IN 1849, during Mr. IDE'S residence several months with one of his brothers, he gave said brother a verbal account of his six or seven months services in the Bear Flag enterprise, and, (as he understood the case), as a U. S. soldier under the command of Col. Fremont. We give this brother's statement: and it will be borne in mind by the reader, that this brother relies entirely on his memory for what he told him; and that the incidents of this narrative were related to him some 28 years ago-- at a period of his life when a detail of such interesting events makes an abiding impression upon the memory. But should the voluminous manuscript Journal of Mr. IDE, referred to by Mr. BOGGS, on page 57, come to light before this memoir goes to press, it will be corrected, wherein its statements may materially conflict with those of that journal, as it may seem necessary to insure accuracy, in giving an account of what transpired under the "administration of GOVERNOR IDE."
"My brother Wm. B. told me that he left his family about the first of May, 1846, and rode around among the early emigrants from the States, to arouse them to action in self-defence.
He had seen the Proclamation of Gov. Don Castro, warning those emigrants to leave the country in a given time, or they would be driven into the mountains, or made prisoners of; or they would be shot, in case of resistance. This, he said, 'stirred them up to the quick.' They very soon rallied a company of about one hundred mounted men, armed as best they could be, with hunting guns, rifles and pistols. They rendezvoused at or near Sutter's Fort, and organized by choosing a Captain Merrit as their commander. They then proceeded to Sonoma, the headquarters of Gov. Castro, who had issued the aforesaid threatening proclamation, and of Gen. M. G. VALLEJO. They surprised the Garrison at day-break, captured Gen. Vallejo, his brother Don S. Vallejo, Jacob P. Leese, Col. Victor Prudhon and two others, took them prisoners; and Capt. Grigsby, with a small guard, escorted them to Sutter's Fort."
And here the Editor will suspend the brother's narrative for a moment, to make room for a few items of interest obligingly furnished him by Mr. Boggs, who informs me that the individuals captured as above stated were officers of the Mexican Government, and that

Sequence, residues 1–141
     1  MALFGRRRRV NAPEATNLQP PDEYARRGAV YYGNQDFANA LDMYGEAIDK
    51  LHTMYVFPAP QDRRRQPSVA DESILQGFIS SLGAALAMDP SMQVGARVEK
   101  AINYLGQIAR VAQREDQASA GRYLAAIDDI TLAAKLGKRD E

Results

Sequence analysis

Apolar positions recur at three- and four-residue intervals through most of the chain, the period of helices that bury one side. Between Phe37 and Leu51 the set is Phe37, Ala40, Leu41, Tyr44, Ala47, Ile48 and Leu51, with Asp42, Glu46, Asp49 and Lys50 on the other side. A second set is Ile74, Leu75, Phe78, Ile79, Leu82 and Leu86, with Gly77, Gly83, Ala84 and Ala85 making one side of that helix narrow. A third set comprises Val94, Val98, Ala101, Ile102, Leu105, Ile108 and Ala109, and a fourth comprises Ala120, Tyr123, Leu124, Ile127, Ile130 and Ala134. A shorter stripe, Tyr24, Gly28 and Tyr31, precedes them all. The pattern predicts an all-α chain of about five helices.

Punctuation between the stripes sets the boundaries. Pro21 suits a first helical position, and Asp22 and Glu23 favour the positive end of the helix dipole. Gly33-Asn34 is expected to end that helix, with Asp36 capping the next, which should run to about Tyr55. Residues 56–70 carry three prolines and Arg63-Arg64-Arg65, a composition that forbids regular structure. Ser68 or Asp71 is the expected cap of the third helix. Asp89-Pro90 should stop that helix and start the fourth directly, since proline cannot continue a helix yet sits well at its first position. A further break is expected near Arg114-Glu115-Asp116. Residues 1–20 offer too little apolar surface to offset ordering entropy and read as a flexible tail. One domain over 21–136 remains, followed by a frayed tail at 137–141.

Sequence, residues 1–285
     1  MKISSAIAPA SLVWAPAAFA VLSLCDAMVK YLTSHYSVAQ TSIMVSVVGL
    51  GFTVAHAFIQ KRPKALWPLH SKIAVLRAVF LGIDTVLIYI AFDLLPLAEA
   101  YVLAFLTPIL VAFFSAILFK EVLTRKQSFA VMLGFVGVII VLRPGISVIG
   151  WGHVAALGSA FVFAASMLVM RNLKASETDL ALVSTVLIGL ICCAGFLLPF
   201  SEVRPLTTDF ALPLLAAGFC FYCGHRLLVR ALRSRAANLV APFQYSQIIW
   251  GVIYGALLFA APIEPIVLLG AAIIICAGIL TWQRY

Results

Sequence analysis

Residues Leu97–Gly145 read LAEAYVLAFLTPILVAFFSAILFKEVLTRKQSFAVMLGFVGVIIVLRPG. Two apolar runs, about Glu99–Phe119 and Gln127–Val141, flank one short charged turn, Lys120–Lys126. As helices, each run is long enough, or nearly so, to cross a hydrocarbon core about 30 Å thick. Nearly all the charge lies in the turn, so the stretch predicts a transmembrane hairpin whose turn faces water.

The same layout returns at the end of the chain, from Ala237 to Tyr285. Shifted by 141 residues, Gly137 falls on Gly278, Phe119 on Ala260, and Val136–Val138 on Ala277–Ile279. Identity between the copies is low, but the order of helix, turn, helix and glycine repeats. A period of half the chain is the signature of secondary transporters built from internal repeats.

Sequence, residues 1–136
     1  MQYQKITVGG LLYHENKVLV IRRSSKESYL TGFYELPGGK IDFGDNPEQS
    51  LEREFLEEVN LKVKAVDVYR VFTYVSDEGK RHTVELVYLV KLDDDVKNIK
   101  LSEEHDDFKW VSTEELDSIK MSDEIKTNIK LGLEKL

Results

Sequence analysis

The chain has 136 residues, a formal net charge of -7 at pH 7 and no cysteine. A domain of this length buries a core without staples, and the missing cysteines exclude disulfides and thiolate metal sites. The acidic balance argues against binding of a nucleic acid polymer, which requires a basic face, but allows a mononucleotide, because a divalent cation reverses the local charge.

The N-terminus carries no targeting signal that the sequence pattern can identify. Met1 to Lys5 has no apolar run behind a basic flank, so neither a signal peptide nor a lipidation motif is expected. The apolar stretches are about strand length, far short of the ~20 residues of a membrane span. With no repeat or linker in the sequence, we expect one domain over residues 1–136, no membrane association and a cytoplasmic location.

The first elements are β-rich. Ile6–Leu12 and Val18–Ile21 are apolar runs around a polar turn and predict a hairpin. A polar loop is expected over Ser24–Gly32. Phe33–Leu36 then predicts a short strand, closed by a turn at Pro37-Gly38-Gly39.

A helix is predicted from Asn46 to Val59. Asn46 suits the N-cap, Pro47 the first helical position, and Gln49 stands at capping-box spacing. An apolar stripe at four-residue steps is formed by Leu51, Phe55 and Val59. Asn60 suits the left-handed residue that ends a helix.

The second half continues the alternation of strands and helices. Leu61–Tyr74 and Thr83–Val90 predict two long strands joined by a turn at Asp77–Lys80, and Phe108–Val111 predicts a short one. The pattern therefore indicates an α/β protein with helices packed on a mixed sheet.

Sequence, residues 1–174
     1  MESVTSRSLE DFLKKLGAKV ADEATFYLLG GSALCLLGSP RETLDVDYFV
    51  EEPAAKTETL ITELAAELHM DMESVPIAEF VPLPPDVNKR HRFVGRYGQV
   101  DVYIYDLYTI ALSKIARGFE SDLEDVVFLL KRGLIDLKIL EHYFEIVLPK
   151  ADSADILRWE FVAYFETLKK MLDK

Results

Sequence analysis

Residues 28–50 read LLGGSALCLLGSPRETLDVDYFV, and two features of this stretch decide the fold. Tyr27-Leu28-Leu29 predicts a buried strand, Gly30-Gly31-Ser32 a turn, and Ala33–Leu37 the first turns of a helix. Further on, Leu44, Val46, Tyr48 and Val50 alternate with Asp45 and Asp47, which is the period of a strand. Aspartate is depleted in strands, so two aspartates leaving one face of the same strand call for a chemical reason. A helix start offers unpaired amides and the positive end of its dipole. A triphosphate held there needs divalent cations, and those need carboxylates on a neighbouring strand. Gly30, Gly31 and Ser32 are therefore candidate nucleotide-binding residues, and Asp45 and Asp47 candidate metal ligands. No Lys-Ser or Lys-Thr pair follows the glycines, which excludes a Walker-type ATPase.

"Gen. Mariano Gaudaloupe Vallejo was the highest military officer in the northern department of Upper California, in the Mexican government--was the first native Californian to embrace the cause of the United States, under its flag. Don Castro was the Governor, and retreated before the Bear party captured Sonoma. It was Capt. Grigsby, with only a guard of five or six men, who took the prisoners from Sonoma to Sutter's Fort; a distance of about 100 miles."
Mr. BOGGS adds: "Gen. Vallejo's family was not molested at all, but were assured by the Bear party that he and his friends should only be held as hostages for the future good behaviour of the Californians; who had, without the sanction of their superiors, caught and barbarously murdered two young Americans, near the Santa Rosa Rancho, sometime previous to the capture of Sonoma by the Bear party." These young men, (Mr. B. says), "were lassoed, dragged alive,'their tongues cut out, and other portions of their bodies mutillated while fastened to trees. The Americans, (not the Bear party), to their shame be it recorded, by way of retalliation for this shocking barbarism, killed three peaceable Californians at San Raphael, who had not taken up arms against them, neither had they taken any part in the massacre of the two young Americans. This was done, it would seem, under the eye of Col. Fremont, who was then at the Mission of San Raphael, not far from Petaluma. The celebrated Kit Carson, Fremont's guide, killed the first one. He discovered and reported them to Fremont, his superior officer, as prisoners his squad had taken, and asked him what he should do with them? F.'s reply to Carson was, that he 'had no use for prisoners; but do your duty.'